New Chicago Work: Photographs by Steve Schapiro

February 18, 2019 | Source: Monroe Gallery of Photography





Via Gage Gallery at Roosevelt University


Opening Reception and Q & A with Steve Schapiro and WBEZ’s Jason Marck, Thursday, February 21st, 5-7pm. (Q & A begins at 5:30). Exhibition continues through May 9, 2019

Free and open to the public

This is the second of two exhibitions showcasing the historical and contemporary work of internationally acclaimed photographer Steve Schapiro. The first exhibition that closed on December 22, 2018, was devoted to his contact sheets from the civil rights era. This second exhibition highlights his current photographs from the Black Lives Matter and anti-violence protest movements in Chicago. A smaller exhibition featuring his photographs from Chicago’s Misericordia Heart of Mercy home will also be on display.

American photojournalist Steve Schapiro has documented six decades of American culture, from the assassination of Martin Luther King, Jr. and the presidential campaign of Robert F. Kennedy to Andy Warhol’s Factory and the filming of The Godfather trilogy. He has published a dozen books of his photographs, has exhibited his work in shows from Los Angeles to Moscow, and is represented in the permanent collections of the Smithsonian Institution, the Metropolitan Museum of Art, and the J. Paul Getty Museum, among others.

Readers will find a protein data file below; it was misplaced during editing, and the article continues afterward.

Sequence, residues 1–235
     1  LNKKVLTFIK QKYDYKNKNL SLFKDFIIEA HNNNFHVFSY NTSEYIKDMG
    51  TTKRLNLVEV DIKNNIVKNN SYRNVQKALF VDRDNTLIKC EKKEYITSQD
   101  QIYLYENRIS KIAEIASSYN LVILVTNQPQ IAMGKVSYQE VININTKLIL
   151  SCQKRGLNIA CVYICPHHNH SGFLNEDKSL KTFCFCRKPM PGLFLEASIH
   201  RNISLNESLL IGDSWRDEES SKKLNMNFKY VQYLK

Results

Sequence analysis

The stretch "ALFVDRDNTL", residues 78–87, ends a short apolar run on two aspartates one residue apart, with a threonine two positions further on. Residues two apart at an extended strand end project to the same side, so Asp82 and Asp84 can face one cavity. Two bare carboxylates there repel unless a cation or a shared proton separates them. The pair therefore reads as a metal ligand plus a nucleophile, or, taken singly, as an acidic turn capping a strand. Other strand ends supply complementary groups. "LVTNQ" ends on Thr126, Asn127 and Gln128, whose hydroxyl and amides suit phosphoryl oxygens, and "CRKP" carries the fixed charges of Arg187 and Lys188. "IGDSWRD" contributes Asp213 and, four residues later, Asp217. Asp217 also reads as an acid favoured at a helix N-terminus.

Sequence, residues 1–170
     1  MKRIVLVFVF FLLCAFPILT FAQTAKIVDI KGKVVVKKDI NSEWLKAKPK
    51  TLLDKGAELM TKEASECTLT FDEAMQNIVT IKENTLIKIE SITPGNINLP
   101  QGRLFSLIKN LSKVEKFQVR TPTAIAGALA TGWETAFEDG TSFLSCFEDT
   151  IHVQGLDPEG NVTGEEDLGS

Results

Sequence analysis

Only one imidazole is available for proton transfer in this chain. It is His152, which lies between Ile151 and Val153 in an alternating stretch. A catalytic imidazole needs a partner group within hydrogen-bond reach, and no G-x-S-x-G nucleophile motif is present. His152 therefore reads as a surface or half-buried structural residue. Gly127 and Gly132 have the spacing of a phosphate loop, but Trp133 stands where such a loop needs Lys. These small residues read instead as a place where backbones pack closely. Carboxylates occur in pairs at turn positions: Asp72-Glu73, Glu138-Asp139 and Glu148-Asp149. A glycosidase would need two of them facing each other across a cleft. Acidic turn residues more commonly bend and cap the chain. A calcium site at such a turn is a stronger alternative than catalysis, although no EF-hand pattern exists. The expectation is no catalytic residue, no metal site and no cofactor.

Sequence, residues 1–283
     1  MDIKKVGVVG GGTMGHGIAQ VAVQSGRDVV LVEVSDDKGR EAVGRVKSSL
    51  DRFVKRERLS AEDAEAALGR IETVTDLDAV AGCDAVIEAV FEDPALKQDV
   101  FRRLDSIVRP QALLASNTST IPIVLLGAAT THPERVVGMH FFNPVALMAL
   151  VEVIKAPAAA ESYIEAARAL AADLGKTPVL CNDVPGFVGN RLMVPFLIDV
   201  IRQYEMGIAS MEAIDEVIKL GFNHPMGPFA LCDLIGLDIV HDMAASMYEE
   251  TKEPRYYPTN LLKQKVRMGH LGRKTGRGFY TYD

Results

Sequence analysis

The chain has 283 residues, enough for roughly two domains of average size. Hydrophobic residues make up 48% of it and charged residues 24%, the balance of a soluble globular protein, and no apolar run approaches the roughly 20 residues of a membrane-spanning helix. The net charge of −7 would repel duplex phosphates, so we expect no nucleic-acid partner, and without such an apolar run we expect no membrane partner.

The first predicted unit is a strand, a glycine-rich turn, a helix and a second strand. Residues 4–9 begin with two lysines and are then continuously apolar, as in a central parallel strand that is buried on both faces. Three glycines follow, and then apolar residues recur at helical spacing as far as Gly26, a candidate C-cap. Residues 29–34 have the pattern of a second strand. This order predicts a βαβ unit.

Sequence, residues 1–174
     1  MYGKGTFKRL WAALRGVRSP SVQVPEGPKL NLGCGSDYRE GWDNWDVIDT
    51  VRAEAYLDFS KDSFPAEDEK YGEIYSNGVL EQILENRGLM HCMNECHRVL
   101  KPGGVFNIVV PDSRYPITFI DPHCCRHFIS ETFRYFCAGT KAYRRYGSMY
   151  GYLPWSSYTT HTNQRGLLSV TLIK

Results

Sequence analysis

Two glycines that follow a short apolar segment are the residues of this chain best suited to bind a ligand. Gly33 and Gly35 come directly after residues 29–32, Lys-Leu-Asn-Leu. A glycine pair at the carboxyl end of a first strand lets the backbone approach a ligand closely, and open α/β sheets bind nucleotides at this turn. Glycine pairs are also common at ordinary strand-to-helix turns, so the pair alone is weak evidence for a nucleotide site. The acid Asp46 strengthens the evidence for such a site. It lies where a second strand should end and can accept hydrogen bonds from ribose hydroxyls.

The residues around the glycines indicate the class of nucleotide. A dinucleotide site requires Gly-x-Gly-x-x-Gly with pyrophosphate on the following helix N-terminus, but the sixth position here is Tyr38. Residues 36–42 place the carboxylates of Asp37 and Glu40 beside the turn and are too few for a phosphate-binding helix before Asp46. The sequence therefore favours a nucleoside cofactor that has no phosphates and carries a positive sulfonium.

Sponsored by The College of Arts and Sciences, Roosevelt University with generous financial support from Susan B. Rubnitz, and Elyse Koren-Camarra, along with a donor who wishes to remain anonymous.

A companion exhibition, “Activists and Icons: The Photographs of Steve Schapiro”, is on display at the Illinois Holocaust Museum & Education Center in Skokie through June 23, 2019.

The exhibition features iconic as well as never-before-seen photos of the Civil Rights Movement and cultural and political change-agents of recent history. For more information, visit ilholocaustmuseum.org.

View more of Steve Schapiro's work here.

Tags: Black Lives Matter Civil Rights 1960s Steve Schapiro Chicago